In many respects it was a pretty average Saturday morning in July.
As the sun broke over the Humber, the clatter of workmen doing the weekend shift filled the air, the rumble of lorries heading toward the docks started building to its usual dull crescendo and shop workers trudged through the streets, the morning after the night before, to open up for the day.
If it wasn’t for the 3,200 naked blue people filing through the city centre it could have been any other Saturday.
By the time the rest of the world was grinding into action the blue flood of humanity had already been marching through the streets, lying on the pavements and crowding onto bridges for several hours; all walking, posing and prostrating themselves on the floor to the orders of a man surveying the scene from high above on a cherry picker.
His name was Spencer Tunick, and the giant art installation he was overseeing was called Sea of Hull.
The results of Tunick’s vision have now been revealed as an exhibition of his photographs has opened to the general public from today (Saturday, 22 April). Now’s the time when the thousands who turned up bleary eyed and cold at 3am and then dared to bare all – while painted one of four shades of aqua blue – will see if it was all worth it.
For the KCOM employees who took part, the event will live long in the memory. From the initial trepidation about getting naked in front of thousands of strangers to the shedding of socks, shirts and inhibitions, Sea of Hull was a unique experience that left an indelible mark on those who helped make it happen.
For Maria Sellors, KCOM propositions manager, being part of Sea Of Hull was all about being a part of Hull’s City of Culture year.
“The reason I did it was to be part of a legacy for Hull and being part of something I will probably never be part of again,” she says.
“It’s something I’ll be able to look back in years to come and say ‘I did that’. When I’m on my death bed, looking back, it’ll be one of the things I’m most proud of doing.”
After the initial embarrassment of stripping off, it didn’t take long to feel comfortable among the tide of painted humanity, says Maria, as people of all shapes and sizes took to the streets in their allocated shade of blue.
“For me, it was liberating and empowering,” says Maria.
“There was a real sense of community and camaraderie. Once you were painted you lost your inhibitions quite quickly; you just ended up chatting to people as if they were fully clothed.”
Some weren’t totally convinced taking part was a good idea at first.
Corporate communications assistant Alex O’Mahony only decided to go with the flow at the last minute.
“We almost didn’t go,” laughs Alex, 28, who took part with her mum, Kate. They were allocated the deep blue shade codenamed B2 on arrival.
“But at the last minute we thought ‘Why not? Let’s just go for it!’ and went along.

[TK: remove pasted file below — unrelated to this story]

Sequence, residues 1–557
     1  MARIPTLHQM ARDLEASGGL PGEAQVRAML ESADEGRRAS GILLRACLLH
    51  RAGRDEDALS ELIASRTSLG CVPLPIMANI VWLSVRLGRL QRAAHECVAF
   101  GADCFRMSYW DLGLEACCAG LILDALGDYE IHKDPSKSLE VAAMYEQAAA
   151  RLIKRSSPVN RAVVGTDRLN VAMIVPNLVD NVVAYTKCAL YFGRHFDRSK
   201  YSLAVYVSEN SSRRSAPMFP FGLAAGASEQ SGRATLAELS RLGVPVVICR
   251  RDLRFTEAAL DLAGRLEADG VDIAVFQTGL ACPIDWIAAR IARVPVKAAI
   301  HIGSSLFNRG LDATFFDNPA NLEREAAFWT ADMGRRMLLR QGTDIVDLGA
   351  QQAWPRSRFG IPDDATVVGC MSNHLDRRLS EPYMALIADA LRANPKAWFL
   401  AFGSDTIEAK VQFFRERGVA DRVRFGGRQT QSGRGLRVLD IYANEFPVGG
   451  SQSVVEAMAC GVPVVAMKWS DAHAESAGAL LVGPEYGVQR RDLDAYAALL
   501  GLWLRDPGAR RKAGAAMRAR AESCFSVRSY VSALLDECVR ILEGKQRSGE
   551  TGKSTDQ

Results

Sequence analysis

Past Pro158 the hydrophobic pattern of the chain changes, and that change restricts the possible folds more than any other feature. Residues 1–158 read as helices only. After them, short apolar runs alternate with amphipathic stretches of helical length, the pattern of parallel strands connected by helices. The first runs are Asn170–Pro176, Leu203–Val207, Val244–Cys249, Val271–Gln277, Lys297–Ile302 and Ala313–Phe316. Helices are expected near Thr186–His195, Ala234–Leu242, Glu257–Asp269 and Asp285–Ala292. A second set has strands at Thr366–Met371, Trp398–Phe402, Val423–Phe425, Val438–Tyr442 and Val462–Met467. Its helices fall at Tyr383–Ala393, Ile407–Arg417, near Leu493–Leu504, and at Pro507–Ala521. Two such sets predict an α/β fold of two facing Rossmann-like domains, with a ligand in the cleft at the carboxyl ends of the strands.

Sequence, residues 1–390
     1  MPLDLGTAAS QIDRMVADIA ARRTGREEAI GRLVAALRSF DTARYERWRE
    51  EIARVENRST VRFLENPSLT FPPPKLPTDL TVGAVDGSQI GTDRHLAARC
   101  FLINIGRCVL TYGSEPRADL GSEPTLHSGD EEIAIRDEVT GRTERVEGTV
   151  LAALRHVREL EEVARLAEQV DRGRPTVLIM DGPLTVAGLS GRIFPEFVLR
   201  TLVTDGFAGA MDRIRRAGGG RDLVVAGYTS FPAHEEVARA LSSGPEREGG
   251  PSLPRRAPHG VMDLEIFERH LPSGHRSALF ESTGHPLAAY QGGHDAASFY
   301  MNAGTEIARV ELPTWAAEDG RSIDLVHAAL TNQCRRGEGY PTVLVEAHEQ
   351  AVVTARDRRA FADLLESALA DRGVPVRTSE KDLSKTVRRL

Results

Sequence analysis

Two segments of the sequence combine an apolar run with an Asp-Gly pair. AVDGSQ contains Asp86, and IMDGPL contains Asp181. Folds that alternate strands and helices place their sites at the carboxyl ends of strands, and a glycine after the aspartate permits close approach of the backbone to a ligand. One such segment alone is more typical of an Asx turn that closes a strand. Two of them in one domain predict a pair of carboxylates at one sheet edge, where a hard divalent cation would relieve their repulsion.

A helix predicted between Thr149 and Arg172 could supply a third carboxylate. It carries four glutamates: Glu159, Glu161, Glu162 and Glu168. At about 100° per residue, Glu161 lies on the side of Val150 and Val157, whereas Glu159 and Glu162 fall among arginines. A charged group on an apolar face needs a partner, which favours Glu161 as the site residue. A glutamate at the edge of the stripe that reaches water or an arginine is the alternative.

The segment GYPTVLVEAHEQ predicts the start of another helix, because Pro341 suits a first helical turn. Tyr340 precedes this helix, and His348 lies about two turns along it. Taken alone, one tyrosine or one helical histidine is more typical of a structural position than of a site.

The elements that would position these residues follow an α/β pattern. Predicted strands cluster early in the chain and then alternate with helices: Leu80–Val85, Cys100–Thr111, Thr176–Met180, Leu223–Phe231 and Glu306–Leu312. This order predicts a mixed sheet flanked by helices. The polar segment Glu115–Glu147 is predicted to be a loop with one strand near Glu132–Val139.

“I’m really curious about the exhibition now. I want to see how it turned out and whether he will use some of the photographs we have already seen or if there will be loads of new ones. Trying to find yourself in the pictures should be interesting.”
On the day Spencer Tunick came, Hull made headlines around the world.
From Australia to the US, news bulletins around the world carried reports of the mass blue art installation and the tidal wave of flesh that had poured along the pavements.
On Saturday, 9 July, 2016 Hull’s reign as the UK City of Culture was still some months away, but the arrival of such a momentous event made it feel for many as if the starting pistol had been fired for what was to come.
For Alistair Lamyman it was the moment when Hull’s reign as the 2017 UK City of Culture finally came into focus and the city realised the full potential of what it actually meant.
“I think it symbolised the cultural reawakening of Hull,” says KCOM sales executive Alistair.
“We’d just had the Place de Anges show and then Sea of Hull in quick succession and suddenly everyone was thinking ‘Hold on, what’s all this? This isn’t what Hull’s about. Is it?’
“And then people started to realise that Hull was actually a pretty cool place and what the City Of Culture could be. It was a taster for 2017 and a pretty exciting time. It was like ‘Wow, so this is culture. Bam!’”
As the Sea of Hull images go on display as part of the Skin exhibition at the Ferens Art Gallery (22 April – 13 August), alongside works by painter Lucien Freud and sculptor Ron Mueck, Hull is about to relive the most colourful day in its history.
And, despite all the evidence to the contrary, there should be no reason to feel blue about that extraordinary Saturday back in July. It was, after all, the day when we started to believe in the crazy, exciting and quirky possibilities for Hull’s cultural rebirth.
KCOM are a Principal Partner of Hull UK City of Culture 2017. They had exclusive access to film Spencer Tunick’s Sea of Hull installation – visit kcomhome.com/seaofhull to watch the 8-minute video.